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Yakov S Vilner vs Peter Arsenievich Romanovsky
USSR Championship (1924), Moscow URS, rd 7, Sep-??
Spanish Game: Steinitz Defense (C62)  ·  0-1


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sac: 49...Rxb3+ PGN: download | view | print Help: general | java-troubleshooting

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Kibitzer's Corner
Jun-08-13  dmvdc: From 28...Re6 on, we get to witness with rare clarity a beautiful strategic plan unfolding. Black leaves the open central file for White, planning first to transfer his bishop to d4, then to consolidate d4, and finally to exploit d4 by opening the f-file and penetrating with his heavy pieces. Masterful. Found annotated in Karpov & Matsukevich, Find the Right Plan with Anatoly Karpov (Batsford 2008).
Jun-08-13  Nerwal: <Found annotated in Karpov & Matsukevich, Find the Right Plan with Anatoly Karpov (Batsford 2008).>

It would be interesting to see what they have to say at move 32. In School of Chess Excellence 3 Dvoretsky pointed out that 32. ♖xd4! exd4 33. f4! followed by e5 leaves black in a position where he can hardly hope to make the advantage of the exchange felt, although I am not so sure about 33... d3(!).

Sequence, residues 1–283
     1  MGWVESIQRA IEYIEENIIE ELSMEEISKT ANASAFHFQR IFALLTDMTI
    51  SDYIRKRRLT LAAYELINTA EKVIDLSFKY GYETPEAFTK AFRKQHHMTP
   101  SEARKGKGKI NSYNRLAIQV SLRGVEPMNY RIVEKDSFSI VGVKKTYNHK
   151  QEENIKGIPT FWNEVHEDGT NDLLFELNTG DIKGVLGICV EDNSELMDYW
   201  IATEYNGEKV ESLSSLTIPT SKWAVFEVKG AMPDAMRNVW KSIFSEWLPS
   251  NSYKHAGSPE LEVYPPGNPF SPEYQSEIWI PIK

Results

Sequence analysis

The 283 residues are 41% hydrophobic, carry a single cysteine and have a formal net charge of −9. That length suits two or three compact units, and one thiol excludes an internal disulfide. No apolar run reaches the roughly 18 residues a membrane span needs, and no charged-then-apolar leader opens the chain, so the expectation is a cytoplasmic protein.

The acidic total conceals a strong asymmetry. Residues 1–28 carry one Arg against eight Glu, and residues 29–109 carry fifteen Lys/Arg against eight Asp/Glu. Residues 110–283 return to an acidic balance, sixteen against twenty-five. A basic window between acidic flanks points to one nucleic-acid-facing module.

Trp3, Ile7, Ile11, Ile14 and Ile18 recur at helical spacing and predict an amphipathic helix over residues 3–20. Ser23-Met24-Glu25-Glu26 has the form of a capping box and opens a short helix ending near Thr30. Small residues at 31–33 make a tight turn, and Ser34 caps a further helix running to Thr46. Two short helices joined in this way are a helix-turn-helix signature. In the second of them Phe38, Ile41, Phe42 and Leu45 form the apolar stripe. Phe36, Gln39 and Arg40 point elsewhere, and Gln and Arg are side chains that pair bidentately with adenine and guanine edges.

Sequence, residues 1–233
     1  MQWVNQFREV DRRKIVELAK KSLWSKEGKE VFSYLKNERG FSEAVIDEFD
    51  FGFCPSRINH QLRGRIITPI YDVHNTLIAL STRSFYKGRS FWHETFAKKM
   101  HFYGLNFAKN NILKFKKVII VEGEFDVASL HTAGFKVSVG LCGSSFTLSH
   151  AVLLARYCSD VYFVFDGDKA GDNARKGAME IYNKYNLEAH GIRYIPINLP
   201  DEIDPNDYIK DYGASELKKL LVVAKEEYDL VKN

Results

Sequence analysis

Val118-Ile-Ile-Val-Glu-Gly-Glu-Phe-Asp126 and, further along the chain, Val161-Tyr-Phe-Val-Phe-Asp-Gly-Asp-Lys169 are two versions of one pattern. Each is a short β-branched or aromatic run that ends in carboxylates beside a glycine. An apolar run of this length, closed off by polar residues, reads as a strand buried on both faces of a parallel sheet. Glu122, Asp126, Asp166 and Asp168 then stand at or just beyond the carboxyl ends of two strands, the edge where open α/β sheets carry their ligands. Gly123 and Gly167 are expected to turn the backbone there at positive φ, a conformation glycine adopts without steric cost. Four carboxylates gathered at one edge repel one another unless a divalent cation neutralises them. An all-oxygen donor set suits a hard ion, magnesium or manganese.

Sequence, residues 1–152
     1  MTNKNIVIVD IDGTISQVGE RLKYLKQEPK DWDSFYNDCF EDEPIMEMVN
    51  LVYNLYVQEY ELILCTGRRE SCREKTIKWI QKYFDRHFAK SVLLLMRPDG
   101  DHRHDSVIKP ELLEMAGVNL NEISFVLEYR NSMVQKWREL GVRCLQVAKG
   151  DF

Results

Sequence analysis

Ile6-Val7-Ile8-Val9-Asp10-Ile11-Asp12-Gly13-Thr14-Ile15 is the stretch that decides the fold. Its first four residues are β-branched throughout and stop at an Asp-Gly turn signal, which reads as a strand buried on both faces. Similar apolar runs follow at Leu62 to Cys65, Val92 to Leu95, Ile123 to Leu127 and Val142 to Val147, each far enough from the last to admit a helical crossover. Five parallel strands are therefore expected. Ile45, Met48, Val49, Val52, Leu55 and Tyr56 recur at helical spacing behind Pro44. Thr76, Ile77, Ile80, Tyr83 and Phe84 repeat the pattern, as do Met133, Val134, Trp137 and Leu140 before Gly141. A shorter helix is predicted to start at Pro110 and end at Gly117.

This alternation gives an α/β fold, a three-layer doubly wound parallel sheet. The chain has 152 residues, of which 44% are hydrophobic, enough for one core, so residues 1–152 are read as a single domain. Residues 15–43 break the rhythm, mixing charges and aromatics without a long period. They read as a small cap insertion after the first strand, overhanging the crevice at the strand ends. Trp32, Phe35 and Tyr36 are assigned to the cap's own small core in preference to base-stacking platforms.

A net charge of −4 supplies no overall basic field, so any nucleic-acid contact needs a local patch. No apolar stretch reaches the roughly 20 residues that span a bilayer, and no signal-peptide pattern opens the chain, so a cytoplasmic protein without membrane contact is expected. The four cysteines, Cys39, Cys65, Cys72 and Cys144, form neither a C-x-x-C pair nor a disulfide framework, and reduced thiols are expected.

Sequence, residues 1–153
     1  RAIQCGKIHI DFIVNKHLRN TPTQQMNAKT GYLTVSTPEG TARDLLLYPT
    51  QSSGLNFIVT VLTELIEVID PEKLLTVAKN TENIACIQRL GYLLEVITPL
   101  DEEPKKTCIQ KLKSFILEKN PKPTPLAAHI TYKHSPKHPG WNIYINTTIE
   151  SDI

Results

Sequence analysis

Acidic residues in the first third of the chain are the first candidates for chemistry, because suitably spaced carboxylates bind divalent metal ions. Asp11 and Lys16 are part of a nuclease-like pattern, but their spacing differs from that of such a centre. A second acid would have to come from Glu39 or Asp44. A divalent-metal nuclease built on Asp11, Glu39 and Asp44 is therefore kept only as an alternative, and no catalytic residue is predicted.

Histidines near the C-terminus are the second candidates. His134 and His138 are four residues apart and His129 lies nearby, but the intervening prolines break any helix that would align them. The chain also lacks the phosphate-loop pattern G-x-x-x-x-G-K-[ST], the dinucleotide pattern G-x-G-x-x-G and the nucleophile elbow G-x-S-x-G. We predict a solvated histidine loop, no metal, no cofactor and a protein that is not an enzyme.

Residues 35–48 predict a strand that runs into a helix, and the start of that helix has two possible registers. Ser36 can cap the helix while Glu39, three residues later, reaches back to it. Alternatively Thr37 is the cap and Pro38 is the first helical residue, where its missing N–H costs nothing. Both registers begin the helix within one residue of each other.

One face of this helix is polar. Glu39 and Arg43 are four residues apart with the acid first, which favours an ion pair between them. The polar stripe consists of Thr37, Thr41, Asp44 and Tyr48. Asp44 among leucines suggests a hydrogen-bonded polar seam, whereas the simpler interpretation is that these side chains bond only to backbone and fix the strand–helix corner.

Jun-09-13  dmvdc: <Nerwal: It would be interesting to see what they have to say at move 32.>

Not much is the answer. ;) The book (pitched at an advanced-beginner-type level) stays pretty tightly focused on planning, so doesn't veer off into variation-land where it's not necessary for illustrating how plans are formed and executed. That said, here's what they say after 32.Kb1:

<White decides on a passive defence. Evidently the best counter-chance was the exchange sacrifice 32.Rxd4 ed 33.Rxd4.>

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